Figure out what you should do now or write down for later
While I know multitasking’s bad, the holiday season really brings it out in me. I’ll be in the middle of planning out a program for work and suddenly think, “Oh! I bet my mom would love that hamburger-shaped bicycle bell I saw for Christmas this year.”
And then I’ll stop what I’m doing, search for it, compare prices, probably decide I don’t want to buy it, and then spend 15 minutes trying to figure out what on earth I was doing before that genius idea hit me.
I’ve started feeling like a dog, distracted by shiny things and squirrels, and though I love small mammals and glitter, it’s just not a helpful or efficient way to function.
Several weeks ago, though, I discovered a solution that’s working so far. While attending a workshop, the facilitator mentioned a two-part rule he uses to help combat this issue. Hopefully, if you feel as scatterbrained as I do sometimes, it’ll help you, too
If it Takes Less Than Two Minutes, Do it Now
Many of the action items crossing my mind don’t require a huge time commitment. Like texting my friend back to confirm a meeting place for tomorrow night, washing the spoon I just threw into the sink, or printing out a document I need for the class I teach.
When a task like this comes up, stop what you’re doing for a moment and just do it. If you don’t address it, it’ll just take up space in your head and add to your already overwhelming pile of to-dos. If it takes less than two minutes, why not get it over with?
There are, of course, exceptions to this rule. If you’re in the middle of a conversation with someone, it’d be rude to say, “Hold that thought for a sec. I have to confirm my hair appointment for this afternoon” and then leave him standing there while you pull out your phone. Or, if you’re driving, it’s highly unadvisable (and probably illegal) to be doing anything other than focusing on the road in front of you and the other drivers around you.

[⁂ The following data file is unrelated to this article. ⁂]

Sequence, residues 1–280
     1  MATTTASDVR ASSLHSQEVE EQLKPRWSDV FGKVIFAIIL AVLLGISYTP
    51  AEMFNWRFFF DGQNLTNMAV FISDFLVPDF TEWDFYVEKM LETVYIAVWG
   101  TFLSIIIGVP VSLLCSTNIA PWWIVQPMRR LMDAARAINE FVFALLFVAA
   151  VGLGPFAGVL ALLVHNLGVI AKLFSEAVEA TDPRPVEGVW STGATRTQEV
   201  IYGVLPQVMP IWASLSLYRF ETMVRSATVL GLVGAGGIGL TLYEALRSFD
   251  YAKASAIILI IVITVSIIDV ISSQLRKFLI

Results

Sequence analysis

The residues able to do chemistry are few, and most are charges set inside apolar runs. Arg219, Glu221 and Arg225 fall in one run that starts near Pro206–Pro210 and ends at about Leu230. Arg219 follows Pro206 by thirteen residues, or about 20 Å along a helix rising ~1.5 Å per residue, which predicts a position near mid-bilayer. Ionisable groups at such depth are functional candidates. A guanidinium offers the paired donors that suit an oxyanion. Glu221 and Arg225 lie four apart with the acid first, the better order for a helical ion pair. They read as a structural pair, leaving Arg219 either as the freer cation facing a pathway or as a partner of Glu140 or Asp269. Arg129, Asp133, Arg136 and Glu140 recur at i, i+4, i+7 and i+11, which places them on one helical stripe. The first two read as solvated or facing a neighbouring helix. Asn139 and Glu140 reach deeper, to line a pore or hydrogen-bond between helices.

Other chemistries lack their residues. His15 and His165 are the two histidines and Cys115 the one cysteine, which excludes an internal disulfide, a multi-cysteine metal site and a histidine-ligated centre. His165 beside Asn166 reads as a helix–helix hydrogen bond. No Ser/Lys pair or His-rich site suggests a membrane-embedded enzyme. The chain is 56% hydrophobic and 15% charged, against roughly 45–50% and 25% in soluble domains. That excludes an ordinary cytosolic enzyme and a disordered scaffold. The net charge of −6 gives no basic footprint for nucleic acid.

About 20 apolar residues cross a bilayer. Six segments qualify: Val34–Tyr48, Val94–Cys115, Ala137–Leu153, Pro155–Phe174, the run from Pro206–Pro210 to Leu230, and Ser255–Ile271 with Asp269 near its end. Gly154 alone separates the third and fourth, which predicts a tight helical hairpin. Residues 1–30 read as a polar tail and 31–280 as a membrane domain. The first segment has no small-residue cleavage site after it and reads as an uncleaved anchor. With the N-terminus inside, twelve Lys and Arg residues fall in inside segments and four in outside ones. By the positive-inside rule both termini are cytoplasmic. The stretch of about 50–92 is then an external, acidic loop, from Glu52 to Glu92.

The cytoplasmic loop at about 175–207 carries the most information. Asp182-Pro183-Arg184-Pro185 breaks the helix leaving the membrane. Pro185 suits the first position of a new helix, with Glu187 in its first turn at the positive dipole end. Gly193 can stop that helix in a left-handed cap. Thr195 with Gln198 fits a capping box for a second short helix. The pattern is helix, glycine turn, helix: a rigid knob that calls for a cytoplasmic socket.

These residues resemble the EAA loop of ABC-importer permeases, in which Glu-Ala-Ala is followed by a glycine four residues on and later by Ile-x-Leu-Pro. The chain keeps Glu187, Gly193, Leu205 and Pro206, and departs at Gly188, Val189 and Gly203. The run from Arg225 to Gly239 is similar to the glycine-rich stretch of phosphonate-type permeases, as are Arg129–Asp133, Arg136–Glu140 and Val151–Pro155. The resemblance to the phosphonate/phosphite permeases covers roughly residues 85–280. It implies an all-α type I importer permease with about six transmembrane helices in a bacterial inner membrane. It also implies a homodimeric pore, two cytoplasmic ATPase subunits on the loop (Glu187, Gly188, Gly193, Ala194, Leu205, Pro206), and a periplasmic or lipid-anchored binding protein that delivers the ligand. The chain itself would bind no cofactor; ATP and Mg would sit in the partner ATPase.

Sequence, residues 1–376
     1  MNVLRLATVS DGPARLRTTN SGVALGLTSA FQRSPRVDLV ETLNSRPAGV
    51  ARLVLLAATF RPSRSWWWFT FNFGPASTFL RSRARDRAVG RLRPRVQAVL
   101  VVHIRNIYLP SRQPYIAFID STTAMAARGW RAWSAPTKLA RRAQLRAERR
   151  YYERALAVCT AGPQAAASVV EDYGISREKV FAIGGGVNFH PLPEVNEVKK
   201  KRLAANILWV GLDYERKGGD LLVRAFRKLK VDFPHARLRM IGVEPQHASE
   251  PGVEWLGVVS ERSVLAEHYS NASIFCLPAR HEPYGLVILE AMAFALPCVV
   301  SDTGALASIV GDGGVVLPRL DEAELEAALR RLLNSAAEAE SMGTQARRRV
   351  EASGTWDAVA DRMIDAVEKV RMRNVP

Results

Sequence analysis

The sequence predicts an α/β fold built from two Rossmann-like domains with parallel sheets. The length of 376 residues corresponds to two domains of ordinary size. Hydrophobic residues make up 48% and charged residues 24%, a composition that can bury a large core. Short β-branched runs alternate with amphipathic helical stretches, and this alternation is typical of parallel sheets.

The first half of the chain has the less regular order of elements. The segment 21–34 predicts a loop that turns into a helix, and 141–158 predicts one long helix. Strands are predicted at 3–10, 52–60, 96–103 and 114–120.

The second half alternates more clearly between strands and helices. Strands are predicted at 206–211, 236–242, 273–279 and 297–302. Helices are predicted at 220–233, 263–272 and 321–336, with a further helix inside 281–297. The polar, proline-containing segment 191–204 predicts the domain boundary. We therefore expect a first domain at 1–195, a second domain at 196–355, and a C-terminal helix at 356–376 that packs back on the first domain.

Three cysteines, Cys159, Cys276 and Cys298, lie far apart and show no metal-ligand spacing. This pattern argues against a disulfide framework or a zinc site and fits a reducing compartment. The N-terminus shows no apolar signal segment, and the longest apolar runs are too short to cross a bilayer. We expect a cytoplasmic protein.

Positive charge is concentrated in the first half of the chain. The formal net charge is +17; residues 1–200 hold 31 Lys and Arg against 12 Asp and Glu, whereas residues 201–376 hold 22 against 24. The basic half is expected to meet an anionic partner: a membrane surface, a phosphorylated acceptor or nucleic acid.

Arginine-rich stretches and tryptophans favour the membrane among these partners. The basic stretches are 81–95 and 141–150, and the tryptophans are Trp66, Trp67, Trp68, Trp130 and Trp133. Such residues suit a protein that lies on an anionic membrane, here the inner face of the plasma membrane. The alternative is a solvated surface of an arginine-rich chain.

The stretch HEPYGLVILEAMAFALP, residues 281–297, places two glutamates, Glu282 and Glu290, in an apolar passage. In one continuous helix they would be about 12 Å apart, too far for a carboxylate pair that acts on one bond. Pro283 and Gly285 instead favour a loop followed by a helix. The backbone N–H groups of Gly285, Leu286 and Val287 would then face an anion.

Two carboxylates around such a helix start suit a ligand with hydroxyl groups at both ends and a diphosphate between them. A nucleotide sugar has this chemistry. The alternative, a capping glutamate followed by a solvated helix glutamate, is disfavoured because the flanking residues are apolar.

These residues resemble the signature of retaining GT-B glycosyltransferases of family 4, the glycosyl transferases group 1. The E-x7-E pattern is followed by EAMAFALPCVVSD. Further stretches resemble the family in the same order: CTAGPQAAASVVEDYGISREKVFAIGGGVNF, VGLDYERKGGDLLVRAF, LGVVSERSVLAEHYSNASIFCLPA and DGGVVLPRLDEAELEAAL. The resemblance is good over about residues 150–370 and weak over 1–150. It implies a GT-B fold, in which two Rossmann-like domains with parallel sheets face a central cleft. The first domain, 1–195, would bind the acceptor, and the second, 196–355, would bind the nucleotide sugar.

Not everything can be accomplished in less than 120 seconds, though. In those cases, you should move onto the second option.
If it Takes More Than Two Minutes, Write it Down for Later
Currently, one of my goals for this week is to schedule my department’s social media posts for a few weeks in advance. That’s going to take a heck of a lot longer than a few moments, so it doesn’t make sense for me to pause the assignment I’m working on (ahem, this article) to tackle it.
But I also don’t want to forget that it needs to be completed. So, I jot it down in a place I know I’ll look at later. Sometimes, it’s in my notebook. If it’s more urgent, I write it in all caps on a sticky note (because I like to shout at myself) and put it on the side of my monitor.
When you can’t do something right now, it’s a good idea to remove it from your brain and stop putting the pressure on yourself to remember every single little (and big) thing you want to achieve today, tomorrow, and sometime in the future. Let your to-do list bear the burden for you. That’s what it’s there for.
Here’s the bottom line: I know you’re really busy, and I know you want to get a lot done. But there’s a better way to do it than letting your brain act like a bouncy ball gone rogue.
This rule worked for me, and having a structure like this may work for you, too. Try it out for one week and see how it goes. And then, of course, let me know!
Originally published at www.themuse.com on December 22, 2016.
Originally published at medium.com